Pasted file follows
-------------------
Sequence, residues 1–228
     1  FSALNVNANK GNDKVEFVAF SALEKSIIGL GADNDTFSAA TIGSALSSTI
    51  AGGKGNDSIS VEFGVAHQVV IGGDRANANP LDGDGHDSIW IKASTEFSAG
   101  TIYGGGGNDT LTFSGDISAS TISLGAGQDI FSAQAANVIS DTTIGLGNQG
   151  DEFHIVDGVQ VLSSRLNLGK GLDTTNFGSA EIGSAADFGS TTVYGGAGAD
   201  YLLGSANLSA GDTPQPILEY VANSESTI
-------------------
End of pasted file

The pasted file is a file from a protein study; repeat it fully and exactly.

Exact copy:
Sequence, residues 1–228
     1  FSALNVNANK GNDKVEFVAF SALEKSIIGL GADNDTFSAA TIGSALSSTI
    51  AGGKGNDSIS VEFGVAHQVV IGGDRANANP LDGDGHDSIW IKASTEFSAG
   101  TIYGGGGNDT LTFSGDISAS TISLGAGQDI FSAQAANVIS DTTIGLGNQG
   151  DEFHIVDGVQ VLSSRLNLGK GLDTTNFGSA EIGSAADFGS TTVYGGAGAD
   201  YLLGSANLSA GDTPQPILEY VANSESTI